Invest in education

Published 9:28 pm Thursday, September 5, 2019

By QuaWanna Bannarbie

I set myself up. For the next three weeks, I endeavor to discuss what I believe are three powerful means of personal investment that yield growth: educational, relational and spiritual. However, I realized that this is a meaty subject soon after I set out to complete what I am calling “The Yield Series.”

Since classes have begun in Suffolk Public Schools, I thought I would begin the Yield Series with my thoughts on personal investments in education. Of course, we know that money funds a rich and impactful education. But money is not the only means of doing so.

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There I was sitting at the Stillwater House Tea Room on Aug. 24, listening to the Hidden Figures icon, Dr. Christine Darden, share how she earned her recognition as one of the most sought-after experts on aerodynamics because of her commitment to study and persist. Dr. Darden is the epitome of a serious investor in her personal enrichment. Her example demonstrates to us that discipline is as good as dollars when it comes to growing our knowledge. There is a reason that disciple and discipline are so closely related. Discipline comes from discipulus, the Latin word for pupil, which also provided the source of the word disciple. Without proper discipline to continue learning, we will not continue to grow.

Dr. Darden’s long history with NASA is in part due to her value as an avid researcher. Reading and research, I think, are the primary ways in which we invest in our education. Reading is one of the first skills that we learn as students. Without the ability to read, we limit our ability to improve in other areas of enrichment.

We should set out to read more and research a particular topic that improves our knowledge in our area of expertise. Actively apply what you have learned through your research. Applied knowledge is power. Here’s a tip for our young students: Act on what you have learned, and then you will not have to ask yourself, “When will I ever use this in real life?”

Next to reading and researching, we need to sponsor educational opportunities. We can all stand to improve in this area. Sponsorship and donor participation are not the same. Donors make contributions that do not always require personal attachment. However, sponsors are connected to their sponsorship. A sponsor uses his or her influence to advance, advise or create opportunities that yield other connections. Sponsorship not only rewards the entity that is receiving the sponsorship. Sponsorship teaches you how much more capacity or means you have to give (whether that be knowledge impartation or resource). That is development. Find a cause you wish to advocate and determine how your sponsorship will make the best impact. Watch how much you gain from being personally connected to your sponsorship.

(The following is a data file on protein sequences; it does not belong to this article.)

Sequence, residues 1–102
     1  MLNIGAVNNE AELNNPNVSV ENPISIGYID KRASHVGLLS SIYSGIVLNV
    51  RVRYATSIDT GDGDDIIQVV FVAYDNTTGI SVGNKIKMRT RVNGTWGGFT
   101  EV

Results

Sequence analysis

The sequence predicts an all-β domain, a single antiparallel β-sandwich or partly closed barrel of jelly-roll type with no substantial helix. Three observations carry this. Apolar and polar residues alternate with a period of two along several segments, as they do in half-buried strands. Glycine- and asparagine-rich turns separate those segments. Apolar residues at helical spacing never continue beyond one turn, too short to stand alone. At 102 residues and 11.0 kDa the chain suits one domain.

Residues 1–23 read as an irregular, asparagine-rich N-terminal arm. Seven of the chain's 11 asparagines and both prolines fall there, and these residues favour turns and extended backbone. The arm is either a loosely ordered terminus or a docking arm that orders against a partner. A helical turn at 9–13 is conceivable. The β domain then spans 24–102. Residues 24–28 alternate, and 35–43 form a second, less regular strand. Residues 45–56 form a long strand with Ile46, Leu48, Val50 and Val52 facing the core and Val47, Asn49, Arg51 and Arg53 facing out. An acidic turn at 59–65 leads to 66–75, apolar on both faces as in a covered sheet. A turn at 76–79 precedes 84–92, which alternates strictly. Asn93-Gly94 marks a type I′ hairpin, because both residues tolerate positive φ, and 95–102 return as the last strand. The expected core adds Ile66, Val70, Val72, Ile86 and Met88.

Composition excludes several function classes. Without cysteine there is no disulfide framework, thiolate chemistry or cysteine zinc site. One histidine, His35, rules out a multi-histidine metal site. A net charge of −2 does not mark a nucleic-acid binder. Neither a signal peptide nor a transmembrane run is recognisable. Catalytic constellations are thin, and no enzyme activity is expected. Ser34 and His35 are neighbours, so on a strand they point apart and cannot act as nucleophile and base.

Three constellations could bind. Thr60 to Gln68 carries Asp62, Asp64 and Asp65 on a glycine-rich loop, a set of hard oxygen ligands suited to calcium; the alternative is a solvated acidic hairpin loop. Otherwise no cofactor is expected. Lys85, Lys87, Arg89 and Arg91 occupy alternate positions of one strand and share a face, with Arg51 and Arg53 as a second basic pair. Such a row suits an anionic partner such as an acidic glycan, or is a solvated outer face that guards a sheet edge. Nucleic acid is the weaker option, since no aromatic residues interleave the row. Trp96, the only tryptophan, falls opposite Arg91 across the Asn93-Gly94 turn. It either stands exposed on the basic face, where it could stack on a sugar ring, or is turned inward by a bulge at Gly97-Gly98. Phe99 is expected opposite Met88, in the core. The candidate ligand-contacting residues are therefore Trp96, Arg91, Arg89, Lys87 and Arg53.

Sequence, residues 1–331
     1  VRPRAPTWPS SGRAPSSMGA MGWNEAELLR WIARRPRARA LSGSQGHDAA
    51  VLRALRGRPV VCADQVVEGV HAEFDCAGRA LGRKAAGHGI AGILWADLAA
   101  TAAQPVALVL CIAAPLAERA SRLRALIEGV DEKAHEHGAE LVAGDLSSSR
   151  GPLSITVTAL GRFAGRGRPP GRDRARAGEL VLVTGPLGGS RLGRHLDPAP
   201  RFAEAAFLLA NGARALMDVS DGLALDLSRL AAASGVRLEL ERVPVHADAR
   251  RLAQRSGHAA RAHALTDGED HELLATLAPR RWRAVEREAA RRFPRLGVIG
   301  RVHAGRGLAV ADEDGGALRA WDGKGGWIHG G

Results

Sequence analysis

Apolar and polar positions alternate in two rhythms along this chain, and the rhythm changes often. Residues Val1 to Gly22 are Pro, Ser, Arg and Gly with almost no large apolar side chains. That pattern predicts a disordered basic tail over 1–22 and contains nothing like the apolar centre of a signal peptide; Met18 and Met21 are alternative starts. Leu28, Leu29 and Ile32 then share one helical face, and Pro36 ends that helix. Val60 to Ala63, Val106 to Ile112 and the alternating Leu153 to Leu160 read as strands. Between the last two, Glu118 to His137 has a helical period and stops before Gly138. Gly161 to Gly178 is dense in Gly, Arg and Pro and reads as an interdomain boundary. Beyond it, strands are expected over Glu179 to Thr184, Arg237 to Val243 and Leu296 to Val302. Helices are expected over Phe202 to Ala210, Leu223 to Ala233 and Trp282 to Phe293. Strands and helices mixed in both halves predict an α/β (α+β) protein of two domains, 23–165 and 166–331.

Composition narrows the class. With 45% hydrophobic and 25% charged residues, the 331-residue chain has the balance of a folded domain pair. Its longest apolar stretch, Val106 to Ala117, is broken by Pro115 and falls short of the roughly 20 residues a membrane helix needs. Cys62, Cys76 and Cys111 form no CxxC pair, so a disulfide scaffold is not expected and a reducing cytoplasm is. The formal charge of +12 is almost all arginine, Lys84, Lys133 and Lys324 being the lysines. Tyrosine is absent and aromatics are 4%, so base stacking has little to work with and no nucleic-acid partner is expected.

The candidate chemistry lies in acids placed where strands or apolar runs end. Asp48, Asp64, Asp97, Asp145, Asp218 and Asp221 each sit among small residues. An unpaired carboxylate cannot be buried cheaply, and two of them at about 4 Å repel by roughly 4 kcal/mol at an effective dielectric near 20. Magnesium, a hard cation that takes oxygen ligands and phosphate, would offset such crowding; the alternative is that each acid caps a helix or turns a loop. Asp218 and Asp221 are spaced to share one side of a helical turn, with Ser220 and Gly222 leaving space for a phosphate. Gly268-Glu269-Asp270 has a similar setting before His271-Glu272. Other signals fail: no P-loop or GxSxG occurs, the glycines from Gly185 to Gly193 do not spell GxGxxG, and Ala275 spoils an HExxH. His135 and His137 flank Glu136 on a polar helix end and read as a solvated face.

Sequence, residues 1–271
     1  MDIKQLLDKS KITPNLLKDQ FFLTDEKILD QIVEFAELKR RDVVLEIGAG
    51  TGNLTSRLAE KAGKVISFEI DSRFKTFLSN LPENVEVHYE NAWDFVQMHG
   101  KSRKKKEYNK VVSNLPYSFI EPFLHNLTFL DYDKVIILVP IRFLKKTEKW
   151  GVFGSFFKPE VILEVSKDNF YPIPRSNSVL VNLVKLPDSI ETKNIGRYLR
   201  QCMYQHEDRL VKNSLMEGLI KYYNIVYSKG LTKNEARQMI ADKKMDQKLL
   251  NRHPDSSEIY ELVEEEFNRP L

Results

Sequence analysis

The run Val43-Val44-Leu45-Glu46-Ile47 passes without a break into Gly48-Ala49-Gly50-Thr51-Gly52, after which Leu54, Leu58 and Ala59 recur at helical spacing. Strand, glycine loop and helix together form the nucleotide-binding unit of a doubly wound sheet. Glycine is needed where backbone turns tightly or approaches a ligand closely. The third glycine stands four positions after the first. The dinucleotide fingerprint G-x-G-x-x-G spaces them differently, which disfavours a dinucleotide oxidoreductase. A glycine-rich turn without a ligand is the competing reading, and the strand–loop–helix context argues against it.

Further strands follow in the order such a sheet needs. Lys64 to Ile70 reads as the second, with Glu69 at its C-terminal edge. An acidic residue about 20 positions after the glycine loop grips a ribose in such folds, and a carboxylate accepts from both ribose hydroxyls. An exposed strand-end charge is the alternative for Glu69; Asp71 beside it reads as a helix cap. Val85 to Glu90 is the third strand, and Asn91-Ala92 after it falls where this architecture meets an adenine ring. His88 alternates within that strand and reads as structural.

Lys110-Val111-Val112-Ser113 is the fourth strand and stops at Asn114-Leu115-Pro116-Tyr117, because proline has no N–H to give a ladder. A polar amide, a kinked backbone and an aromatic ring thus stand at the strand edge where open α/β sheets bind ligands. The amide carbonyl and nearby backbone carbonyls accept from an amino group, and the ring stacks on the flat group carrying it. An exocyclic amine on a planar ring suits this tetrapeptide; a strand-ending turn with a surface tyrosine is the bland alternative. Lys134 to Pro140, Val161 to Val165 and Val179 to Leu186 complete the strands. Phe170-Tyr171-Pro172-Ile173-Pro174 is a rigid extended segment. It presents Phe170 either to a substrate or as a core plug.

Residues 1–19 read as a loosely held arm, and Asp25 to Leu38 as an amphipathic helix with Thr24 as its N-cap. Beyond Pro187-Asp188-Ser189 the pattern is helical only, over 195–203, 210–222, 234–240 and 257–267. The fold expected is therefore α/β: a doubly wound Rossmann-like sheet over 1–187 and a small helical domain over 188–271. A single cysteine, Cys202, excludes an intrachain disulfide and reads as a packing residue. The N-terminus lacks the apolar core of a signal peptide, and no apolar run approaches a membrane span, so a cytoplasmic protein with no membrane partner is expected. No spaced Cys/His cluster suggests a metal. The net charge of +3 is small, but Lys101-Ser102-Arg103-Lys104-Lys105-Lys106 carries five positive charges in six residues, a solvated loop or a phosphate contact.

Another impactful way that we invest in education that yields growth is to make sacrifices. There are many areas in which we can choose to make sacrifices when it comes to education. Our school board often experiences this when creating a budget for the school year or creating a strategic plan for capital improvements. Sacrifices for the cause of education happen on a personal level also. Think about the last time you enrolled in a course or signed up to participate in a learning experience that required that you give of your time, your money and your personal talents. Anytime you have to give these things, you sacrifice something else. The wise educational investor understands what is worth making sacrifices for and what not to sacrifice in its place.

We are divinely created to continually grow. God in His infinite wisdom didn’t give us seasonal restraints on our growth. Therefore, we should embrace discipline, reading and research, sponsorship and sacrifices that personally invest in our enrichment. Ask God to help you discern and chose well the next learning opportunity, whether that be a book to read, a cause to sponsor or a conference to attend. Happy studying!

QuaWanna Bannarbie is an adjunct professor of nonprofit leadership and management with Indiana Wesleyan University, National and Global. Her children attend Suffolk Public Schools. Connect with her via Twitter @QNikki_Notes.